In a recent in-depth analysis of Inspire magazine, START researchers applied the information, motivation, and behavioral skills model (IMB) of behavior change, an empirically tested and widely applied model, and found that the online English-language jihadist publication created in Yemen used religious arguments, terroristic propaganda and quotes from prominent American figures as tools to radicalize and recruit Western terrorists and promote a do-it-yourself approach to terrorism.
As al-Qaida Central’s media node, as-Sahab Media recently announced that it will release a new English-language jihadist publication called Resurgence, this new study also provides an analytical template against which this new publication can be compared and contrasted to al-Qaida in the Arabian Peninsula’s Inspire magazine.
Researchers found that Inspire also focused on “creative” terrorism to mobilize individuals. That is, using easily found objects and turning them into weapons of mass destruction. Case in point, the magazine featured articles such as “Make a Bomb in the Kitchen of Your Mom.”
“One of the things that appears to make Inspire a significant addition to the online communication landscape is its ability to pull together so many elements that provide both the influence -- information, attitudinal and normative components -- and the skills -- behavioral skills and technical abilities -- for a do-it-yourself jihadist to plan and execute a successful attack,” said START Investigator Anthony Lemieux, associate professor of communication at Georgia State University.
Additionally, the researchers noted that Inspire encourages extremists to work alone.
“Throughout the magazine, there is a focus on mobilizing, but the central themes are more about allowing readers to feel a sense of identity and connectedness and then take action,” said Lemieux, the lead researcher of Georgia State’s Transcultural Conflict and Violence Program. “And that action can be taken at an individual level.”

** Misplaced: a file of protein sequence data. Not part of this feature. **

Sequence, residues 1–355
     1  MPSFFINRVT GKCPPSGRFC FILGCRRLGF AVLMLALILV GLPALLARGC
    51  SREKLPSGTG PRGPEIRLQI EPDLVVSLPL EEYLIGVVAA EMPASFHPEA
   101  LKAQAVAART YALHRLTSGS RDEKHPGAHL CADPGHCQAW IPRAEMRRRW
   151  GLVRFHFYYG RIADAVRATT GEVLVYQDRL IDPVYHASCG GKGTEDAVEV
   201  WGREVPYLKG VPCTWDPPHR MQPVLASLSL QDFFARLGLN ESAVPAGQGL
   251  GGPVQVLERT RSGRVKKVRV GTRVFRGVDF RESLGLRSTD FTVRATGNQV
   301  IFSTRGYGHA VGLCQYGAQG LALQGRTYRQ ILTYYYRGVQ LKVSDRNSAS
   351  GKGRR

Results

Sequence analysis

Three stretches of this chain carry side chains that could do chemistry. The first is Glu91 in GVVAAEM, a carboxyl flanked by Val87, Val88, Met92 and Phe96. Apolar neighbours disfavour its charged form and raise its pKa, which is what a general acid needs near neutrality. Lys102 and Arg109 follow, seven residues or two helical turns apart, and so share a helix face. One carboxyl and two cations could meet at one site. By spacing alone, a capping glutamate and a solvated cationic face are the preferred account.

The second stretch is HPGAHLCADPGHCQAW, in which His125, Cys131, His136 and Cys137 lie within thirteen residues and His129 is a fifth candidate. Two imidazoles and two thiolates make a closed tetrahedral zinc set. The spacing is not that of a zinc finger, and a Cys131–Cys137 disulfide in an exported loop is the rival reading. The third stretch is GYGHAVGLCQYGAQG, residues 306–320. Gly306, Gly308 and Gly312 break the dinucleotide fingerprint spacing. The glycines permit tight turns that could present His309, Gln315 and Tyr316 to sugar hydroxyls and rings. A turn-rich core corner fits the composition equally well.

Developed with significant editorial input by Samir Khan and Anwar al-Awlaki, both U.S. citizens, Inspire has been implicated in several terrorist plots in the United States, including in the Boston Marathon Bombings. Dzhokhar Tsarnaev admitted to using the magazine’s information on bombs to help build a pressure cooker bomb. Additional copies of the magazine were found on Tamerlan Tsarnev’s wife’s computer.
Lemieux, along with fellow START Investigator Jarret Brachman and researchers Jason Levitt and Jay Wood, evaluated 11 editions of the magazine. Specifically, the research team assessed how Inspire’s editors presented information, how the editors motivated audience members to act and the frequency of proposed terrorism plots advertised in the magazine.
Despite the findings that jihadist magazines support terroristic activities, the researchers warn against exaggerating the influence of publications such as Inspire.
“Magazines alone do not push extremists. Propaganda and communication in all its forms, especially online chatrooms, discussion forums, and YouTube videos carry significance as well,” according to the researchers.
Click for the study, published in Terrorism and Political Violence, “Inspire Magazine: A Critical Analysis of its Significance and Potential Impact Through the Lens of the Information, Motivation, and Behavioral Skills Model.”